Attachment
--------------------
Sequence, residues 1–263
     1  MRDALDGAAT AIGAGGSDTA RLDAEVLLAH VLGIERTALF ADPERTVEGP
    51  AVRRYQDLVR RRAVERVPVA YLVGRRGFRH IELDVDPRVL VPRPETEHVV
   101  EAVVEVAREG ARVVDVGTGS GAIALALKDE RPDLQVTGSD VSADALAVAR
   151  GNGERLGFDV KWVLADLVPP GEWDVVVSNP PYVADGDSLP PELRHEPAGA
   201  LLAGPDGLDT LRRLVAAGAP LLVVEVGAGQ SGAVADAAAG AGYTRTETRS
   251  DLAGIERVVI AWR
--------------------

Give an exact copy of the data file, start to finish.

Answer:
Sequence, residues 1–263
     1  MRDALDGAAT AIGAGGSDTA RLDAEVLLAH VLGIERTALF ADPERTVEGP
    51  AVRRYQDLVR RRAVERVPVA YLVGRRGFRH IELDVDPRVL VPRPETEHVV
   101  EAVVEVAREG ARVVDVGTGS GAIALALKDE RPDLQVTGSD VSADALAVAR
   151  GNGERLGFDV KWVLADLVPP GEWDVVVSNP PYVADGDSLP PELRHEPAGA
   201  LLAGPDGLDT LRRLVAAGAP LLVVEVGAGQ SGAVADAAAG AGYTRTETRS
   251  DLAGIERVVI AWR